|McCormick Fine Ground Pink Himalayan Salt
|Redmonds Real Salt Ancient Fine Sea Salt
|San Francisco Salt Company Sherpa Pink Himalayan Salt
|Celtic Sea Salt Fine Ground
|Shaun Himalayan Salt
|The Spice Lab Himalayan Salt
|Trader Joes Himalayan Pink Salt Crystals
|Wellesley Farms Kosher Himalayan Pink Salt
|**Baja Gold Mineral Sea Salt Fine Grind
|**Colima Sea Salt
|**Crucial Four mMinerals (Polar White Sea Salt)
Better Salt Products
These salt products represent the middle of the road in terms of heavy metals according to our lab. Aluminum is reported in the ppm, while other heavy metals are reported in the ppb. This category has the following levels present: Between 2.154 – 80.468 ppm of aluminum, between 7.39 – 24.14 ppb of arsenic, between non-detect – 0.77 ppb of cadmium, no mercury, & between 45.63 – 84.45 ppb of lead.
|Al in ppm
|As in ppb
|Cd in ppb
|Hg in ppb
|Pb in ppb
|Frontier Co-Op Fine Grind Pink Himalayan Salt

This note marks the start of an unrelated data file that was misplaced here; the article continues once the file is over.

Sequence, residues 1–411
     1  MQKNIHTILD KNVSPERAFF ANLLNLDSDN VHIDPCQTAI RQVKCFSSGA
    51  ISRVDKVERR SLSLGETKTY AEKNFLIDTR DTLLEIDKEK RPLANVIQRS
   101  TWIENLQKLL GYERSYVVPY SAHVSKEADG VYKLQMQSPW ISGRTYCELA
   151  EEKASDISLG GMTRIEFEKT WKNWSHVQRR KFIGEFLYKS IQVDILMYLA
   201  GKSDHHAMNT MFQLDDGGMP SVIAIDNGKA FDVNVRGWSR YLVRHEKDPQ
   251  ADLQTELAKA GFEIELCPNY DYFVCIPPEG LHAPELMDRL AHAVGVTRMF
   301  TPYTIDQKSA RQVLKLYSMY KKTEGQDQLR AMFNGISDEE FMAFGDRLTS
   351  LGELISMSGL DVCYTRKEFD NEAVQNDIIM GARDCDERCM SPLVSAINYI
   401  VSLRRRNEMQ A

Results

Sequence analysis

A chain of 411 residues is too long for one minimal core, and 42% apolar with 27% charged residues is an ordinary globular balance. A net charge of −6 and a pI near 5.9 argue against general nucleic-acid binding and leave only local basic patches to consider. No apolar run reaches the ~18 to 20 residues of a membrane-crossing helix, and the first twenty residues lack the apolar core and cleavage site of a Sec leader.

|Seasonello Iodized Sea Salt
|Terrasoul Superfoods Himalayan Pink Salt
|Watkins Fine Himalayan Pink Salt
|Vera Salt Pure Natural Spring Salt Microplastic Free
Best Salt Products
These salt products had the lowest amounts of heavy metals. Aluminum is reported in the ppm, while other heavy metals are reported in the ppb. Here’s how low this category was: All aluminum was under 2 ppm, all arsenic was 15.27 ppb or less, all cadmium was 2.56 ppb or less, all Mercury was non-detect, and all lead was 14.99 or less. MRL means Maximum Residue Levels which meant that the lab could detect some metals, but it was so low they could not measure the exact amount.
Best Salt Products
|Al in ppm
|As in ppb
|Cd in ppb
|Hg in ppb
|Pb in ppb
|David's Kosher Salt
|Diamond Crystal Kosher Salt
|Hain Pure Foods Iodized Salt
|Jacobsen's Salt Company Kosher Sea Salt
|Maldon Sea Salt Flakes
|Morton Iodized Salt
|Saltverk Flaky Sea Salt
|Wellesley Farms Mediterranean Sea Salt